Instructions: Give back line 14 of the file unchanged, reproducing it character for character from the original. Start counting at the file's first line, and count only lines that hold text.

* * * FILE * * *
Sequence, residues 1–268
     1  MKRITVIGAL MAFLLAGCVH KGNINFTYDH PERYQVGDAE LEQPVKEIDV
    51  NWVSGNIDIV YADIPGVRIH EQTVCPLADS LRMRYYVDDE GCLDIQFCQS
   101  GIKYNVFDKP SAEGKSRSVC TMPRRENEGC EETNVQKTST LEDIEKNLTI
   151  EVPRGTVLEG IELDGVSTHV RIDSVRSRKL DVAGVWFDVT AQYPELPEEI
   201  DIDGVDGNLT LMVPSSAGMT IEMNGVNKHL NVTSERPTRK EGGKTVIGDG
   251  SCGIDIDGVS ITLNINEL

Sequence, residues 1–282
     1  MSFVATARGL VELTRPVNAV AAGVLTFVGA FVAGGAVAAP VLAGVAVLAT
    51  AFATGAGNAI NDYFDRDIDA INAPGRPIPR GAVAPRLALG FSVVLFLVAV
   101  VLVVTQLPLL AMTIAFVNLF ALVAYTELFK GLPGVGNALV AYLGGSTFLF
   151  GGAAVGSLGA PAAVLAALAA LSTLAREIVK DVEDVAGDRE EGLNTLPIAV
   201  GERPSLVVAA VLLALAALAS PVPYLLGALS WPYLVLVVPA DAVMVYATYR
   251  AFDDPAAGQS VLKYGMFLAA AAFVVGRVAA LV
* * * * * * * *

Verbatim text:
   251  AFDDPAAGQS VLKYGMFLAA AAFVVGRVAA LV